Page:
- The interface and GUI are top notch and well designed. They make it easy to visualize the workflow.
- The verbiage and help section of Nintex Workflow make creating what you need very easy to read and understand.
- The community and forums are terrific and very responsive. You often get answers from people who work at Nintex.
- Integration with other systems is poor at best.
- The limitation of the processes they have in place. An example is a function that will execute a SQL statement will only return a max of 500 records last I used it.
- Issues with the designer and sometimes their servers seem to be laggy. It is hosted so you are relying on Nintex for some performance overhead.
- Integration with querying SharePoint data, providing robust data validation features, creating entry-points for using custom code
- Extends the basic SharePoint platform
- Provides features not natively available in SharePoint
- The browser design interface can be frustrating.
- Its performance is slow.
- The design, architecture, and syntax takes time to learn.
- Portfolio of actions, wide number of Nintex and SharePoint interactions.
- Forms as a compute platform, incredible amount of form capability.
- Repeatable standard forms and workflows.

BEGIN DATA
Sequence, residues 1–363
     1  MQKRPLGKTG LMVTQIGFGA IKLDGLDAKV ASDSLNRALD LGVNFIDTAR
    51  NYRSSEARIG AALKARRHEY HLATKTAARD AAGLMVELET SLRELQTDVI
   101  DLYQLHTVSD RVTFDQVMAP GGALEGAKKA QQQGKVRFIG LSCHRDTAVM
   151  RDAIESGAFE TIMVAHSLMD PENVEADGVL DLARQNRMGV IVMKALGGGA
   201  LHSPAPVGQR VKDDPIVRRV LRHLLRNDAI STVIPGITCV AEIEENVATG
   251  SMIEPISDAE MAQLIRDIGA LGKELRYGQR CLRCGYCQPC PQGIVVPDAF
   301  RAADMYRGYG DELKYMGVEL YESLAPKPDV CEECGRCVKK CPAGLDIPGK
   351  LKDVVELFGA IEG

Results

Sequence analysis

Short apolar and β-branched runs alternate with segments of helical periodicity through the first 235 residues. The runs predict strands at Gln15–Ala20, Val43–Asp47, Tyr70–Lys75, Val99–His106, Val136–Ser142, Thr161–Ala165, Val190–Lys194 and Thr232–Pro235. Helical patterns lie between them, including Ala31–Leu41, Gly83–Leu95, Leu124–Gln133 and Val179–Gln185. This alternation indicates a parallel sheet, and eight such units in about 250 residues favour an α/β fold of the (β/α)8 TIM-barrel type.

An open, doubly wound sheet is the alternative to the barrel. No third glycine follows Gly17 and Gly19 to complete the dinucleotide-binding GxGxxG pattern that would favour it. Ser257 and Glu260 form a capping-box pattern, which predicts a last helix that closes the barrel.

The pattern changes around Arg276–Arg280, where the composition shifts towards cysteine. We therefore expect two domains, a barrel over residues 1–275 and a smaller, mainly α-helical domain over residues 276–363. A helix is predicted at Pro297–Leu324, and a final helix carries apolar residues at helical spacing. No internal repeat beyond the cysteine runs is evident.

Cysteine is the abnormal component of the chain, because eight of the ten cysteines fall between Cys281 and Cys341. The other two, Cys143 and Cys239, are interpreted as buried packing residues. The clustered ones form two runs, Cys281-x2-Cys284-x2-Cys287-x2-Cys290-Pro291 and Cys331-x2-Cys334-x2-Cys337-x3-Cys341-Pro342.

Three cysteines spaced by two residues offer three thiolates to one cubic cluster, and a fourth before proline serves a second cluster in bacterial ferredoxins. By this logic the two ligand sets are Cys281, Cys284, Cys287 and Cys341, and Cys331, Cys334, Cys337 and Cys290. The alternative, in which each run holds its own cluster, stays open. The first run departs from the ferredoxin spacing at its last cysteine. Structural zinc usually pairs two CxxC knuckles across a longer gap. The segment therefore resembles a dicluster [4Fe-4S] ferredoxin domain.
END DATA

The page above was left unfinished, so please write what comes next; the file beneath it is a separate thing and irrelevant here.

- External data connection. Would allow Azure SQL to become a part of the Information Architecture.
- Central workflow management. Would allow greater enterprise adoption.
- Very easy to learn.
- Easy to make changes.
- Integrates with SharePoint
- A proper user guide would be helpful.
- Looking for "How do I" in Nintex takes you to too many different sites. I just want to go to one place.
We are passing through certain complex issues, but Nintex helpdesk is able to resolve it.
- Forms, useful builders friendly explanations.
- Workflow , nice design and complexity.
- Compability over Sharepoint migration.
- Expand compatibility.
- Connect to external sources and translate to forms Nintex.
- Migration proccess.
Workflows used to notification adjustment etc.
- Nintex Forms is easy, intuitive, and great to look at.
- Simple workflow creation is easy, but complex workflows usually trip our users.
- Nintex provides great support.
- User help materials are lacking. They've started Xchange etc., but I don't like the idea of monetizing help.
- Vendor response (distinct from support response) is slow.
- Very intuitive
- Strong user support and knowledge base
- Constantly updated and adding new features and extensions
- Improve the preview functionality, not all features work in preview
- Improve knowledge base around JS and CSS integration
- Add connectors to other systems into SP2016 not just Cloud solution
- It is easy to learn. The video demos are really helpful. You can follow through the script to learn how to use the tools. It would help any new user substantially to do the videos first thing. I geared my certificates to my needs.